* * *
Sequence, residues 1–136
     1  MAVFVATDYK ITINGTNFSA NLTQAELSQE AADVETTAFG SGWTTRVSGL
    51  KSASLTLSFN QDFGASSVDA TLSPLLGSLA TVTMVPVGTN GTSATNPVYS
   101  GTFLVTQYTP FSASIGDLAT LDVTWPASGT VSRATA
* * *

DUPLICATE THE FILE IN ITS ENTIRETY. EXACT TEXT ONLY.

Sequence, residues 1–136
     1  MAVFVATDYK ITINGTNFSA NLTQAELSQE AADVETTAFG SGWTTRVSGL
    51  KSASLTLSFN QDFGASSVDA TLSPLLGSLA TVTMVPVGTN GTSATNPVYS
   101  GTFLVTQYTP FSASIGDLAT LDVTWPASGT VSRATA